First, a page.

Kanter and Burks to Jazz, no Jimmer

Jimmermania in Utah has officially been downsized from every day to a couple times a year.  BYU fans are depressed, Ute fans most likely happy or undecided, and the Jazz brass can breathe a huge sigh of relief.

Phew, it’s over!

The most intriguing and most important draft in Utah Jazz history didn’t come without a bang. Every eye in the state who bleeds blue, red, or purple was glued to the TV June 23. The anticipation, the build, the emotion, and the thoughts of little ones dressed in Jimmer Jazz jerseys of a future of half-court threes and 52-point outbursts were dashed to pieces when the Kings acquired Jimmer via the Milwaukee Bucks’ No. 10 pick ina  trade.

No riots. Just boos, saddened hearts, and lowly countenances for most. Meanwhile nothing but rejoice and grins from Jazz Jimmer-haters. But secretly, somewhere deep inside, I think all true Jazz fans like these two picks. And here’s why you should too.

Enes Kanter, the No. 3 pick from Turkey, is 6-11, 259 pounds, boasts a 7-foot one-and-one-half-inch wingspan, with a vertical of 32 inches. This guy moves his body very well and put up very impressive numbers at the Nike Hoop Summit against other highly touted prospects just a year ago. He had 34 points and 13 rebounds in the game, and has been intriguing NBA GM’s ever since. His height gives him recognition, but his athleticism and ability is what put him at No. 3 overall and as the most solid big man and top international prospect in this draft.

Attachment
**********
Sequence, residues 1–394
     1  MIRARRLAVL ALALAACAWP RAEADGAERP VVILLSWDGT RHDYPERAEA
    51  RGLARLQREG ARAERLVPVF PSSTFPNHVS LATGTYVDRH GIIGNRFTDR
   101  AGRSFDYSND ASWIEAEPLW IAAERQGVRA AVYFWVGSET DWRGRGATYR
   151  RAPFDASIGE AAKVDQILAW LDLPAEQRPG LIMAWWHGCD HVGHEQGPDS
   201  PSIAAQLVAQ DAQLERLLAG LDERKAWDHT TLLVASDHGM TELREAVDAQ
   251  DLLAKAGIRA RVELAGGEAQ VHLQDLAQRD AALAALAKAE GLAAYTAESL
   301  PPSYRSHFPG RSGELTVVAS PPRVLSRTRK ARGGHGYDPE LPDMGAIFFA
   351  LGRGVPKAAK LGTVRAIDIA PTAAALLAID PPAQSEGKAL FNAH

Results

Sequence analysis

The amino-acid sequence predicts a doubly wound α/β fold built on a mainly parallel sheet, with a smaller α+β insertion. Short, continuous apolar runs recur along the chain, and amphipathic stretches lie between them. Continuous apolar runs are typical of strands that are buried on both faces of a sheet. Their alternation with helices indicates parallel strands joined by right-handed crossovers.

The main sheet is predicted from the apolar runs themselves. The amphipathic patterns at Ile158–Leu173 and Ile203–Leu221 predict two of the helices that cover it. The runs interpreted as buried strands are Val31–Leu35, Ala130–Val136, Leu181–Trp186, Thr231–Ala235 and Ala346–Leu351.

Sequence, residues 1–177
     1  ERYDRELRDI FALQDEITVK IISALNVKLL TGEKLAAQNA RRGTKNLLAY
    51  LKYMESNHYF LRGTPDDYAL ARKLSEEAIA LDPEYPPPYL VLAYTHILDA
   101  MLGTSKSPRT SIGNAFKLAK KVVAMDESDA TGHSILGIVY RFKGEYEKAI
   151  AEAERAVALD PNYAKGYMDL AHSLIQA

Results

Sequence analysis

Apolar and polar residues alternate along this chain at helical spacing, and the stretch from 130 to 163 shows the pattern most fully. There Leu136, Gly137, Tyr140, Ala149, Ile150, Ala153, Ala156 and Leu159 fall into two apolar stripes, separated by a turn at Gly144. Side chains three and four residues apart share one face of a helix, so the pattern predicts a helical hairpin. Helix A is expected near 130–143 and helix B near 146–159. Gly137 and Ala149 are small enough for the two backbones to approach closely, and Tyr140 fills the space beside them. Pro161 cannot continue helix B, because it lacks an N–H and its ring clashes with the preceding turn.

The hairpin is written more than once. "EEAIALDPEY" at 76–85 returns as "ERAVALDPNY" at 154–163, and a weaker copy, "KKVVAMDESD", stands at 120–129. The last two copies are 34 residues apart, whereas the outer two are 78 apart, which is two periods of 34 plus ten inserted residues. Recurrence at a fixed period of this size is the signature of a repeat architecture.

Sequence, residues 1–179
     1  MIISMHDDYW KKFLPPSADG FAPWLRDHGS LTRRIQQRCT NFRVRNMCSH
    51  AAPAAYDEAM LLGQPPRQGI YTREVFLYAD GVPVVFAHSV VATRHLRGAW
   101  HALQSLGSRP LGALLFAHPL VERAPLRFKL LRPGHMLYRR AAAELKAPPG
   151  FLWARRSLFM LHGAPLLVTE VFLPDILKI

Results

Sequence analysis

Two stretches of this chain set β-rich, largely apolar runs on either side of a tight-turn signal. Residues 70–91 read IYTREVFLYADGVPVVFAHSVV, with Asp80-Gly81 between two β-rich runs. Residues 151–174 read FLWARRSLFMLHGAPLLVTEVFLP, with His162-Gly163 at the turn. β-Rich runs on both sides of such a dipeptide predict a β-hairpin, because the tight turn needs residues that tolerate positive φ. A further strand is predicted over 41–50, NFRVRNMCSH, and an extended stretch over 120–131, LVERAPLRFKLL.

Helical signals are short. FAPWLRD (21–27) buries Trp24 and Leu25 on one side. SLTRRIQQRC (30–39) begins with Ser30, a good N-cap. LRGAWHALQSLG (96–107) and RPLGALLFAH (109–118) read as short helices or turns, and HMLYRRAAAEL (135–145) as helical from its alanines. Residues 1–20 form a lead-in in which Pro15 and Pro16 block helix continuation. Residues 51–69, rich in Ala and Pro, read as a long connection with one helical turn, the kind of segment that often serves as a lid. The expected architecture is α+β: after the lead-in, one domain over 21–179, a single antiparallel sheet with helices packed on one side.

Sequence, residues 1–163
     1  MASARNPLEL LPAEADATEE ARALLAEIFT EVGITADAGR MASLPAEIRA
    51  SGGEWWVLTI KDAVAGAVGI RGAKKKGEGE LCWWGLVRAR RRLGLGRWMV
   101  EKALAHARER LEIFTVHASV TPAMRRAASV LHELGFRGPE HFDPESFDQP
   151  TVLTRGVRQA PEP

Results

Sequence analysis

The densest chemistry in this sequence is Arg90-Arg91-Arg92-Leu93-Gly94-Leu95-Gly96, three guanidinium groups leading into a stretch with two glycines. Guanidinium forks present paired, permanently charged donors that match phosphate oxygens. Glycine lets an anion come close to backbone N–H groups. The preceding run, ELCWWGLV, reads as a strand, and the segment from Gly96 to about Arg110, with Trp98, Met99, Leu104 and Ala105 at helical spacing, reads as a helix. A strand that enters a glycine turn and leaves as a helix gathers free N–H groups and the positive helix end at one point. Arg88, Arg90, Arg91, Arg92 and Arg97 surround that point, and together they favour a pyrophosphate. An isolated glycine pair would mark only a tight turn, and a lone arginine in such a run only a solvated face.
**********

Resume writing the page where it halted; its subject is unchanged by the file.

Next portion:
Kanter is an asset to have alongside Jefferson, Millsap, and Favors (assuming no trades). Mehmet Okur, also a native from Turkey, can show Kanter the ropes, making his transition to the NBA game a little easier.

Alec Burks, the No. 12 pick, played at the University of Colorado. As a sophomore this past season he averaged 20.5 points and six boards per game and shot 46 percent from the field, 30 percent from three. He stands at 6-6, 195 pounds, and had a career-high 36 points.

Jimmer’s career high as a sophomore was 28 points, just to give you an idea of his potential.

The question rises, what do the Jazz do now? How do the Jazz manage minutes between Kanter, Favors, Jefferson, and Millsap? This puts the Jazz in a wonderful position, and this is why:

The Jazz can now trade Millsap, which opens up a starting position for Kanter or Favors, with the backup role given to the one that doesn’t start. Jefferson played like an All-Star last season and is new to the franchise. He isn’t expendable, but rather a key piece to the winning puzzle.

Millsap provides trade value. His 17 and seven a night, with occasional outbursts, make him a valuable asset and good trade bait. The Jazz could trade him, Raja, Okur, next year’s pick, etc to get either a star for either backcourt position.

Andre Iguadala’s name has been buzzing around. Could the Jazz land him? Tayshaun Prince? Tony Parker? Monta Ellis? Options are limitless now as this draft gives the Jazz chances to make a great trade.

Jimmer to the Jazz was a cute idea, more on paper than anything. He may start for the Kings, meanwhile the Jazz will definitely utilize their two nuggets they mined in this draft.

Good work, Jazz brass. You may have struck gold.

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